Over at the Microsoft press tent at the Consumer Electronics (CES) Show, Microsoft is showing off a few protypes of its just-announced Windows Home Server product.
Although there were rumors circulating over the past month that Windows Home Server would be based on Windows Vista, that's not the case, said product director Steven VanRoekel.
Instead, the Windows Home Server units that are being developed by a number of hardware makers, including Hewlett Packard, will include at their heart a variety of Windows Server 2003 technologies. (Home Server isn't Windows Server 2003-based, VanRoeckel clarified; rather, it is a custom conglomeration of various Windows server components.
Microsoft's Windows Home Server team is working closely with the Windows Live unit, VanRoeckel confirmed. "By the time we launch (in the second half of 2007, in time for the back-to-school buying cycle), we will have some (kind of deal) with Windows Live OneCare," VanRoeckel said.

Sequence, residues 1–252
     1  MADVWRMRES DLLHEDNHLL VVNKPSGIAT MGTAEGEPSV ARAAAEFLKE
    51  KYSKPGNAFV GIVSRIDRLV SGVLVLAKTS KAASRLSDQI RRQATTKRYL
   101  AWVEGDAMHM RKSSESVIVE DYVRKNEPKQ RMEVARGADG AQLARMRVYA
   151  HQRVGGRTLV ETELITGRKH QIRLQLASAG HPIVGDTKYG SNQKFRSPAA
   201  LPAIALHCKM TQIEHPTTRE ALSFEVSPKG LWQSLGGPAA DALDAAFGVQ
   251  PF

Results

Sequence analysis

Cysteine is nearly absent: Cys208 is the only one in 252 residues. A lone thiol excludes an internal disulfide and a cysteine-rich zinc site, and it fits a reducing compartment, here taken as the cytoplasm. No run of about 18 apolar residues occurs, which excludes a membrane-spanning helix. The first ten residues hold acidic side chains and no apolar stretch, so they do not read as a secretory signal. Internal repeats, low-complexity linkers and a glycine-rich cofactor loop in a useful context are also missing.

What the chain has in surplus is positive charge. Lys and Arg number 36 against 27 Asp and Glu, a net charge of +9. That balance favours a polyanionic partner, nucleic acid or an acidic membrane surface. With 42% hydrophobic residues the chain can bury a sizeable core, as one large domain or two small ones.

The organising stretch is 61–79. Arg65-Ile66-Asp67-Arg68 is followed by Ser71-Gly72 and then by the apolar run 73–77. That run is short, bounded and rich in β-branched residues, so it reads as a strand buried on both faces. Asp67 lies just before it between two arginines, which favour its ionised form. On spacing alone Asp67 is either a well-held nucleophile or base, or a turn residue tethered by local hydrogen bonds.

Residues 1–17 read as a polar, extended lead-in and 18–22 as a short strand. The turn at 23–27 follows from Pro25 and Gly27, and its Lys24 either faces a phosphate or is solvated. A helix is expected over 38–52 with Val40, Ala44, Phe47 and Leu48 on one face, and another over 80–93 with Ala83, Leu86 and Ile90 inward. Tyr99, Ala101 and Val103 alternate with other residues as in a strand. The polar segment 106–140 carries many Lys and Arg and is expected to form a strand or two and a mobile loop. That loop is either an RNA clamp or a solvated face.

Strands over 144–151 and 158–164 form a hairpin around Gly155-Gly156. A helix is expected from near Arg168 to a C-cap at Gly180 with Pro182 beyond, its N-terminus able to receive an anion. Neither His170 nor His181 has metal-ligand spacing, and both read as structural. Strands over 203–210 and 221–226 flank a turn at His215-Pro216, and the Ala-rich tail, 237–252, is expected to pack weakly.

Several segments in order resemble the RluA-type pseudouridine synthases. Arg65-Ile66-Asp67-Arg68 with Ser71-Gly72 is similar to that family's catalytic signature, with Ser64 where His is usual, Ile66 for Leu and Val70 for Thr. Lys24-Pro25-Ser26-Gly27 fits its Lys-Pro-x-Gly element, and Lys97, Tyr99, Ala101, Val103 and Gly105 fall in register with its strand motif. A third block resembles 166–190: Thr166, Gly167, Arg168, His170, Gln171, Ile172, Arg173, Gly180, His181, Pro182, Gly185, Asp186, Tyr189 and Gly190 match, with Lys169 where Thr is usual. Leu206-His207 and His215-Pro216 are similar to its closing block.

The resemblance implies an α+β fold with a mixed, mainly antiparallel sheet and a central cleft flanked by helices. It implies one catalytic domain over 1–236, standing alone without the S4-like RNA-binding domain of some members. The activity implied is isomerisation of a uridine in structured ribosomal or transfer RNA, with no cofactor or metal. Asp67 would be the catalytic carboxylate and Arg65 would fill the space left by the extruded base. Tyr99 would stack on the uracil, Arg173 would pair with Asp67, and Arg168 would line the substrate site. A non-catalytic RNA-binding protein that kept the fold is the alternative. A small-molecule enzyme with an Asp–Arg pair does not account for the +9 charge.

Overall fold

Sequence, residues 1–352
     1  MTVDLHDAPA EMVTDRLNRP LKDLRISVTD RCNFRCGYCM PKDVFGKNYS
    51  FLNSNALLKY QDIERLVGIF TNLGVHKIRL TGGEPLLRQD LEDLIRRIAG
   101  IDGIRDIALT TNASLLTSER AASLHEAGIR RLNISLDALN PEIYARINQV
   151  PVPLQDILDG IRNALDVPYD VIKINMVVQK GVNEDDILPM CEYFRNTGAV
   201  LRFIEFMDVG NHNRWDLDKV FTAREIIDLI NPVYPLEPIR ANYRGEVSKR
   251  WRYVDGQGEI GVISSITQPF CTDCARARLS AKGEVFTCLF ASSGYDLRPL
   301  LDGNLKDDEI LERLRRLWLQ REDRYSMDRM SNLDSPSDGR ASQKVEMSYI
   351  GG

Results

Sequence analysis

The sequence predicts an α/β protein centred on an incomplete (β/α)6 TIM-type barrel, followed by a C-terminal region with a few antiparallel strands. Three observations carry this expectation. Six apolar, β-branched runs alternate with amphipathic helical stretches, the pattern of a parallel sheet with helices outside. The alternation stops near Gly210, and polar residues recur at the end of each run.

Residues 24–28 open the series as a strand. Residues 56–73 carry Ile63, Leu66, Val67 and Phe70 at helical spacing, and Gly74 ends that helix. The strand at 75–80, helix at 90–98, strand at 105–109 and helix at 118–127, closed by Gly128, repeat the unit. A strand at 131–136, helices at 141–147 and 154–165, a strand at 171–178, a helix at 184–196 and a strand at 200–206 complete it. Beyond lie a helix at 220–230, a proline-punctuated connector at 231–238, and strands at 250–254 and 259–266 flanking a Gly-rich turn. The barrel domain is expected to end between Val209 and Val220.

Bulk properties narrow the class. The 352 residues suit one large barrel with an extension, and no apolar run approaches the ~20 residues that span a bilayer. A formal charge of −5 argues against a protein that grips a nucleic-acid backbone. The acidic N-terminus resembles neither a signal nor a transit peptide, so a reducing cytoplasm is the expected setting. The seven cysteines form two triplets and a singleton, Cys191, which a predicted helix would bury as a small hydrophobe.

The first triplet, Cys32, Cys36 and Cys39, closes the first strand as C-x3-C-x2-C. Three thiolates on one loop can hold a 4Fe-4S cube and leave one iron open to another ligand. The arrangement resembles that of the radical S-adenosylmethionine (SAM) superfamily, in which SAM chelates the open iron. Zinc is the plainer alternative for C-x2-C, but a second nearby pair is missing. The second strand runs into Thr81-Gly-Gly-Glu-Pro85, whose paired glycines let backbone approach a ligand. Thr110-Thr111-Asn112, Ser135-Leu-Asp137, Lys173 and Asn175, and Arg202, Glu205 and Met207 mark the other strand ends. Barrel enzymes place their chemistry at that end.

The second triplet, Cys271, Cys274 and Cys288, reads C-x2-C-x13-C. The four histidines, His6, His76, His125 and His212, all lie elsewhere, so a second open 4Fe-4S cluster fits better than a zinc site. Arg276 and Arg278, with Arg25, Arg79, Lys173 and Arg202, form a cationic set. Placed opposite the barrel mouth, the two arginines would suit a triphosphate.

"One idea would be to have OneCare back up to the Windows Home Server." When I asked VanRoeckel whether the still-unannounced LiveDrive virtual-storage service also would be part of the Windows Home Server equation, all he would say is that LiveDrive "will figure into the same discussion (as OneCare)" in some way.
At CES, Microsoft was showing off several Windows Home server prototypes developed by original device manufacturers (ODMs). ODMs build hardware for OEMs, or system vendors. On display:
* The "hockey puck" prototype, created as a reference design by Microsoft itself.
* The Inventec Home Server IHS2B.500, a two-drive, 500GB configuration that allows for horizontal or vertical placement in a home/home office.
* The Quanta Computer S36, an Intel-based, two-bay system, with an expansion bay for support of up to six additional drives
* A 64-bit AMD Live! Home Media server
* A couple of Intel-based "Model 1" and "Model 2" systems